CR
Cryospheric Sciences

Image of the Week – Alien-iced

Image of the Week – Alien-iced

What do Chile and Jupiter’s moon Europa have in common? If you like astronomy, you may reply “space missions!” – Chile’s dry air and clear skies make it an ideal location for telescopes like the VLT or ALMA, while Europa’s inferred subsurface ocean will be studied by the upcoming mission to Jupiter JUICE, due to launch in 2022. But Chile’s high altitude Atacama desert and Europa’s frozen surface also have another feature in common, as you can see in this Image of the Week: ice spikes!   


Penitentes is the word

The official name of these ice spikes is “Penitentes”, Spanish for penitents. Why? As you might see (with quite some imagination) on the Image of the Week, there is some resemblance with a kneeling and praying procession.

Fields of penitentes ranging from a few centimetres to five metres can be found above 4000 m altitude both in the Andes and Himalayas, the only places on Earth where the right conditions exist for their formation. Because although it looks as if the snow is just blown into penitentes by unidirectional winds, in reality everything is due to thermodynamics…

I promise I will not write the equations this time (see this previous post); instead, I invite you to read them in this paper. In summary, penitentes form where snow is in contact with very dry and very cold air. As the sun shines, the snow absorbs the energy and heats up from inside, so much and so fast that the only way to be rid of that heat is by changing phase, directly from solid to water vapour (this is called sublimation). Since snow is anything but a smooth surface, sun rays will in fact be more concentrated at given locations on the snow, so that sublimation occurs only at specific points. But it is a self-amplifying mechanism: sublimation will leave a little crater behind in the snow, whose shape will concentrate even more the sun rays and lead to further sublimation. And this is how the penitentes get their shape.

 

Penitentes and the Atacama Pathfinder EXperiment (APEX) telescope. Photo: Babak Tafreshi/ ESO

Where is the link with Europa?

Hopefully by now, you are happy because you have just learnt about yet another weird-but-wonderful cryospheric phenomenon on Earth. But, remember how the post was about about Europa in the beginning? This is because researchers have recently analysed data from the past mission to Jupiter Galileo that might suggest that the conditions are right on Europa for penitentes to exist. They had to use the careful phrasing because the data resolution was not good enough to see the actual individual penitentes and had instead to rely on their thermic signature.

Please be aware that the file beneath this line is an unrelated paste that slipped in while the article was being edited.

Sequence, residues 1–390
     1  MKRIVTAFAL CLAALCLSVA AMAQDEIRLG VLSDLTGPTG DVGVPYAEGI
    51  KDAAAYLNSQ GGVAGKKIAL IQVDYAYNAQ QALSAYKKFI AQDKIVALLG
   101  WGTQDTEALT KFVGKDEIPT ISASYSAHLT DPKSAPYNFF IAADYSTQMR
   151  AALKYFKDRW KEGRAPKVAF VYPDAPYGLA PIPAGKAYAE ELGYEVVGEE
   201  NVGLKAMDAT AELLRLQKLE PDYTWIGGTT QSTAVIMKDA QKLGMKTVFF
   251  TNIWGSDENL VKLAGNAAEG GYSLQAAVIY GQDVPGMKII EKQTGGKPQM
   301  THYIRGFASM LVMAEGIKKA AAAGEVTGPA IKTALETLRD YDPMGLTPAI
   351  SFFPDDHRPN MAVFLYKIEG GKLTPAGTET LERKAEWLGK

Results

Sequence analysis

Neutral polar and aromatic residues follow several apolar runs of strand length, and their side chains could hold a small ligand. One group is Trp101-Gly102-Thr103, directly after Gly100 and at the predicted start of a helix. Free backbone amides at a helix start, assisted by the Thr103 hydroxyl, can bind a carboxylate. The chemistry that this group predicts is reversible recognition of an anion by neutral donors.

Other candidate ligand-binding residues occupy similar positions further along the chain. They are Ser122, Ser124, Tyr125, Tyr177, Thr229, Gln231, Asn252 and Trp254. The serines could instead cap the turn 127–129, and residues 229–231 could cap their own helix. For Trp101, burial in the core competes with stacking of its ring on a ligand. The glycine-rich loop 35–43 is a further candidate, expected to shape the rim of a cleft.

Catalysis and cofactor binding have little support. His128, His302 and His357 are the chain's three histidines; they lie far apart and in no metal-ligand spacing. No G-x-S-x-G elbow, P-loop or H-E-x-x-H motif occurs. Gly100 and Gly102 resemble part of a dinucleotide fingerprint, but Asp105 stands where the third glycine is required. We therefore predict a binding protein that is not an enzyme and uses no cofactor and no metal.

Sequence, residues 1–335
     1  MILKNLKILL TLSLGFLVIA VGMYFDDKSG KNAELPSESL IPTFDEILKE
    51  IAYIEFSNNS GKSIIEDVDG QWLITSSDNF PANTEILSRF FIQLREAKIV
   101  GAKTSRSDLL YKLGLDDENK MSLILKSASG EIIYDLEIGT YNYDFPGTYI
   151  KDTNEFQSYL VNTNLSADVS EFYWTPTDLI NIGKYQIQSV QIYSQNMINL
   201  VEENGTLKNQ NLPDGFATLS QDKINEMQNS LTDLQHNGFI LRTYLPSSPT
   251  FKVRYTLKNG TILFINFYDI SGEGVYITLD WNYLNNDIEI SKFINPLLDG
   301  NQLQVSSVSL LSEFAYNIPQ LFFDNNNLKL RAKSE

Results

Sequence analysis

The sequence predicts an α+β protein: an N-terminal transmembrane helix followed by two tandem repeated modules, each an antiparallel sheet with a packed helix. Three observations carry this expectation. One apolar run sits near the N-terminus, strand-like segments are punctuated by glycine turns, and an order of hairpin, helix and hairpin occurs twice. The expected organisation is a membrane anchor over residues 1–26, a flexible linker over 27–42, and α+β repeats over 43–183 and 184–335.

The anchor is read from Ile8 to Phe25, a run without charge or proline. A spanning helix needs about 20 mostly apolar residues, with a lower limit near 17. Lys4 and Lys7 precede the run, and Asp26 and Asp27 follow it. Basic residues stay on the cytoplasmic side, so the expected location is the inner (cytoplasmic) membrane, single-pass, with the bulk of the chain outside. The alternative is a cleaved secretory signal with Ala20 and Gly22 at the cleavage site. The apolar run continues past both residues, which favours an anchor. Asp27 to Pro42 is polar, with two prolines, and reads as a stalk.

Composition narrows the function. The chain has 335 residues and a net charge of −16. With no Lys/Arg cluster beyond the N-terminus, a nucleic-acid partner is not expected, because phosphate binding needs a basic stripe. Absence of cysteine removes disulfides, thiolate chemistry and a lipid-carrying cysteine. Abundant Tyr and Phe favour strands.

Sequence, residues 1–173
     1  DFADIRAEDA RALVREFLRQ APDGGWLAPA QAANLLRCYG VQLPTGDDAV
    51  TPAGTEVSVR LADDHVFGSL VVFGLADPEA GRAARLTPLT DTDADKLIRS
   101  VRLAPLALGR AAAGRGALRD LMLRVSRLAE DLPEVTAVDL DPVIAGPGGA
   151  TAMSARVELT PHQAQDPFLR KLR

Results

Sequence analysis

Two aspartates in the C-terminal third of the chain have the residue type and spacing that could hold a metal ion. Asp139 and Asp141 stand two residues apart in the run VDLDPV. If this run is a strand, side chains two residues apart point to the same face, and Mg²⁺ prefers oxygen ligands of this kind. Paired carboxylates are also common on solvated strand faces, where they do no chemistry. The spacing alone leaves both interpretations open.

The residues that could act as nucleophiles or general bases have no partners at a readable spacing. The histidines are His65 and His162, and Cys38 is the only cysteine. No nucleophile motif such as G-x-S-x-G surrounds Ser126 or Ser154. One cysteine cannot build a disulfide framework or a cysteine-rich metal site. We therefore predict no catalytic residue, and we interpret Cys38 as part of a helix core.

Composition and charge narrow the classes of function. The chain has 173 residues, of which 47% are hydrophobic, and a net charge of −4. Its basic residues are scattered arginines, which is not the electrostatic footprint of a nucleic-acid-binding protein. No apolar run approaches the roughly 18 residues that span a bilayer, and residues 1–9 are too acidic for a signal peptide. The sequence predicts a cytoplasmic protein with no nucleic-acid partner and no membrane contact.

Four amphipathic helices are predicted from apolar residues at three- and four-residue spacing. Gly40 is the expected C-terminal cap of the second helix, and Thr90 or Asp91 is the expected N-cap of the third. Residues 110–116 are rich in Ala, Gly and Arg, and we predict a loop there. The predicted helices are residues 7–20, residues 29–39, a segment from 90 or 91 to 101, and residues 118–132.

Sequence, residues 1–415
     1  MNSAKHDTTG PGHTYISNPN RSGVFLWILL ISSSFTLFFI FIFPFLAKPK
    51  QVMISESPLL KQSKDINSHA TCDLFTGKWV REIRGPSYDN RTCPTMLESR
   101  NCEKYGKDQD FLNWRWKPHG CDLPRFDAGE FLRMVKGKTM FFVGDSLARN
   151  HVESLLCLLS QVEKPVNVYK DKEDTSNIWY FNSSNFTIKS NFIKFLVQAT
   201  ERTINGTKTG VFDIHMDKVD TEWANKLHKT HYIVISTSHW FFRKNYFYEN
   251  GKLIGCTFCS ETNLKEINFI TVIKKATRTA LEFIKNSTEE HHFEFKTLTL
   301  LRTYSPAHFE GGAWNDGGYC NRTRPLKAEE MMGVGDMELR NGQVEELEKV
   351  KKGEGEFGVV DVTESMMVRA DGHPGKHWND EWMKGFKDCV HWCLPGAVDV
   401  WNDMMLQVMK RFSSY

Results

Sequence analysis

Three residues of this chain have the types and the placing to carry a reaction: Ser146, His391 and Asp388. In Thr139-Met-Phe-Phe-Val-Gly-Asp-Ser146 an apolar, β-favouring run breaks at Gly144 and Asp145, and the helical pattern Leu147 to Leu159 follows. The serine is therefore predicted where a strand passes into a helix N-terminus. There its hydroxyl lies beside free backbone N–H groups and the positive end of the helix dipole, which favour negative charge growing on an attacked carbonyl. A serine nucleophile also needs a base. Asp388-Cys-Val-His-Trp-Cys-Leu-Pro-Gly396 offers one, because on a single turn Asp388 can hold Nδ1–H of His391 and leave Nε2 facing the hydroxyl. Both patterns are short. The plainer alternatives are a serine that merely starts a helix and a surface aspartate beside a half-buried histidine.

As reported in the media storm of these last two weeks (see here, here or here for example), this is an important discovery for the planning of future space missions. Which landing site to use? Play it safe and land far from these ice blades, or go and study them but risk destroying your lander? Either way, we shall continue reporting about the cryosphere, from this world and beyond…

Reference/Further reading

 

Edited by Clara Burgard

Céline Heuzé
(Dr) Céline Heuzé is an assistant professor in climatology at the University of Gothenburg, in southwest Sweden. She is a polar physical oceanographer primarily focussing on the transport of heat by global deep waters and their interaction with the cryosphere. To study them she uses mostly global coupled models, but also goes at sea to collect new measurements. She completed her PhD in 2015 from the University of East Anglia, UK, and before that studied hydrodynamics engineering in France. She tweets as @ClnHz and blogs on PolarFever when at sea.

1 Comment

  1. O.O Judging from the first pic, I’d say I have seen some of these in the Swedish Lapland mountains. Cold and dry would fit… Was in any case a beautifully odd sight.

    Reply

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